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Freshfields Transactions

| 3 minutes read

Spanish taxation of carried interest: what’s next for the private equity sector?

Private equity managers generally co-invest in the managed fund alongside fund investors. They also hold carried interest, which gives them an additional return to the extent the fund meets certain profitability requirements. Typically, both the co-investment and the carried interest elements are held in the form of units, shares or interests in the fund in question.

Whilst other EU countries such as France and the UK have rules in place addressing the tax treatment of carried interest, in Spain, only the Provincial (“Foral”) Territories of Guipúzcoa, Vizcaya, Álava and Navarra have approved rules regulating this matter and, at a national level, Spanish legislation has to date remained silent in this respect.

Against this background, on 1 December 2022 the Spanish Congress approved a Law promoting the start-ups ecosystem (known as the Start-Up Law), which sets out various different legal and tax measures that have the aim of attracting investment into Spanish start-ups. Included among these measures are new rules on the taxation of carried interest. 

In this blog, we examine what’s next for private equity houses and executives in the light of this new legislation.

Carried interest: employment income and the new 50% reduction

According to the Start-Up Law, income obtained by private equity executives directly or indirectly from shares or rights, including variable fees, that grant special economic rights in certain closed-ended Alternative Investment Funds (AIFs) or in analogous entities, should be treated as employment income for Spanish tax purposes.

However, carried interest employment income taxation will be subject to a 50% reduction provided that certain requirements are met – these are discussed in further detail below. Considering that Madrid’s highest marginal employment income tax rate is currently 45%, the effective tax rate of a private equity executive would be around 22.5% if these conditions are met.

Conditions for 50% reduction

  • AIF requirement: For the 50% reduction to be available, the relevant carried interest income must derive, directly or indirectly, from one of the following entities:
    • Closed-ended AIFs as defined in Directive 2011/61/CE included in one of the following categories: (i) Spanish venture capital funds or Spanish venture capital companies; (ii) European venture capital funds; (iii) European social entrepreneurship funds; and (iv) European long-term investment funds; or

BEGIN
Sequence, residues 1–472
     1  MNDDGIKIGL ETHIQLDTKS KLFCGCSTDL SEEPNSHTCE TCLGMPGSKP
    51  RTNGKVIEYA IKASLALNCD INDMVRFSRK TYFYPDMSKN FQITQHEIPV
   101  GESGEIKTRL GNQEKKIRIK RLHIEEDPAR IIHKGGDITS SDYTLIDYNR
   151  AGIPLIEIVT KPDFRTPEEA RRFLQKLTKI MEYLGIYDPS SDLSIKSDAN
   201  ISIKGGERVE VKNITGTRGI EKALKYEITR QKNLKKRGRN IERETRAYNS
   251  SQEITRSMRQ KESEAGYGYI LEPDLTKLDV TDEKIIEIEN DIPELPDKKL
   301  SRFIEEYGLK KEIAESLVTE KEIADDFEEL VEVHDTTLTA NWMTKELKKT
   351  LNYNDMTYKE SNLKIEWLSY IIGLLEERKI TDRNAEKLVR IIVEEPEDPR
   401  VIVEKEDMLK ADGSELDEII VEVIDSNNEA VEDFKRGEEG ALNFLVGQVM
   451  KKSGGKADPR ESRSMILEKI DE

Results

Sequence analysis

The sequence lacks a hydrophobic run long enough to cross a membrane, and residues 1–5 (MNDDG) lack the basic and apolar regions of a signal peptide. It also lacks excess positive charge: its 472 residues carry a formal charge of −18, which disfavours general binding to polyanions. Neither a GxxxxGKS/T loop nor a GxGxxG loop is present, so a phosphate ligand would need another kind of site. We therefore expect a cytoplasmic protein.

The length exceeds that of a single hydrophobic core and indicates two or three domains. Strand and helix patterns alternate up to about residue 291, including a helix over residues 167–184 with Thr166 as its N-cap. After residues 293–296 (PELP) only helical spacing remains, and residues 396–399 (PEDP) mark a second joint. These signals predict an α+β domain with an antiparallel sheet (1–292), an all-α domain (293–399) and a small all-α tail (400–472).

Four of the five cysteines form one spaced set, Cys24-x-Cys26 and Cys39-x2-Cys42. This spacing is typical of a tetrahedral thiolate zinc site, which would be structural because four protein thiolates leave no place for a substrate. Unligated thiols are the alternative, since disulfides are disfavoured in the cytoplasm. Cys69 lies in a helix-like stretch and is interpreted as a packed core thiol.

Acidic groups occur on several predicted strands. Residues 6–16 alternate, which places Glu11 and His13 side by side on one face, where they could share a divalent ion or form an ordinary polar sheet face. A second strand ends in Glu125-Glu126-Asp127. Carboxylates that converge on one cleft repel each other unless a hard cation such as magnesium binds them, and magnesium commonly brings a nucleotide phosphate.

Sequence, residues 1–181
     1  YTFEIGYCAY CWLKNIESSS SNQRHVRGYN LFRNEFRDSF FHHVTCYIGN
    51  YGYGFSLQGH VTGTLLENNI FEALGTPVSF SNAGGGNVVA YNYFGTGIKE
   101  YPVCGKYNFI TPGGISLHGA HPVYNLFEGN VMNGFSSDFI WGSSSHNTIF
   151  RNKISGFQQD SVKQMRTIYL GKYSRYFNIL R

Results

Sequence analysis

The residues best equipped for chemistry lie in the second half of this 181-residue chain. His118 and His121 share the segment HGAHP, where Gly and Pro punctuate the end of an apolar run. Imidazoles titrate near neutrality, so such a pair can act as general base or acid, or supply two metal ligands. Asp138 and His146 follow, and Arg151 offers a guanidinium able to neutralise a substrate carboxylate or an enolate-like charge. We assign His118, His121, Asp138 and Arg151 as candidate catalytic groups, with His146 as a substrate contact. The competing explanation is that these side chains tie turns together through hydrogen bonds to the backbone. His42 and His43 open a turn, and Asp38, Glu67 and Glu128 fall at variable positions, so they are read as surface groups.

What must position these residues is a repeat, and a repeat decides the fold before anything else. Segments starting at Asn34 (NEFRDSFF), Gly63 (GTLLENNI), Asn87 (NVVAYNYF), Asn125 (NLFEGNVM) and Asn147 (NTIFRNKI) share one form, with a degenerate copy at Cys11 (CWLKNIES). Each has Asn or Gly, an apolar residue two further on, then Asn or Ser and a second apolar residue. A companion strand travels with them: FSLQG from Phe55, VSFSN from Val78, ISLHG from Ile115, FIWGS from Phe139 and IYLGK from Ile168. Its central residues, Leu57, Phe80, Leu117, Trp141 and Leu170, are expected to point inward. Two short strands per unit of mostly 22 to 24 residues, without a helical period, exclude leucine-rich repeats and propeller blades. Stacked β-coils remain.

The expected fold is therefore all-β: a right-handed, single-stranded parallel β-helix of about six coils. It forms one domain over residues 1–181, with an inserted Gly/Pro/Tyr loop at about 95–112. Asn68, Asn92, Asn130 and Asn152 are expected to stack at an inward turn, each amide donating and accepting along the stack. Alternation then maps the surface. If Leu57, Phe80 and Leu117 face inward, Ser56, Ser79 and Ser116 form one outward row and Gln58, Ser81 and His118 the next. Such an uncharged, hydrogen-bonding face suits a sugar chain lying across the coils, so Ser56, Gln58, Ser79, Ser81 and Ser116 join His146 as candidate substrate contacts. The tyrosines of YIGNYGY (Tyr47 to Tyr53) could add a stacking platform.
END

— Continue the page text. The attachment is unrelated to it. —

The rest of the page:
• Other entities analogous to the above – in determining whether an international private equity fund should be deemed “analogous”, the question arises of what comparability criteria the tax authorities are going to apply, as the Start-Up Law does not provide any guidance on this point;
  • Employment requirement: The private equity executives receiving the carried interest must be directors, managers or employees of the AIF (or analogous entity) or of its management company or entities within its group;
  • Hurdle requirement: The right to obtain carried interest distributions shall be subject to the third-party investors in the fund receiving a minimum return that is above the level of a hurdle defined in the fund regulations;
  • Lock-up requirement: The shares or rights entitling the individual to carried interest distributions must be held continuously during at least a 5-year period. The Start-Up Law clarifies that this Lock-Up Requirement would need to be met, if applicable, by the entities holding those shares or rights; and
  • Non-blacklisted jurisdiction requirement: The special economic rights must not derive, directly or indirectly, from an entity resident in non-cooperative jurisdiction or in a jurisdiction that has not entered into a mutual assistance procedure with Spain for the exchange of tax information.

When will the new Spanish carried interest regime enter into force?

The new carried interest regime will have effect from 1 January 2023.

Outlook and practical consequences

The approval of the Start-Up Law signals a significant shift in the taxation of carried interest in Spain and should, in our view, be seen broadly as good news for the sector in that it sheds light on how carried interest distributions should be treated going forward.

Spanish private equity taxpayers (and their advisors) will therefore need to revisit their existing structures in order to carefully assess whether they are compliant with the requirements set out by the Start-Up Law, and accordingly whether the carried interest income paid to their executives as from 1 January 2023 can benefit from the 50% reduction (meaning an effective tax rate of around 22.5% in Madrid).

In addition, considering the complexity and variety of private equity fund structures and the questions of interpretation that these new carried interest rules may raise, it will be key to remain up to speed any future tax ruling or guidance in this regard published by the Spanish tax authorities.

If you would like to discuss this development with us, please contact our Tax team or your usual Freshfields contact.


tax, private equity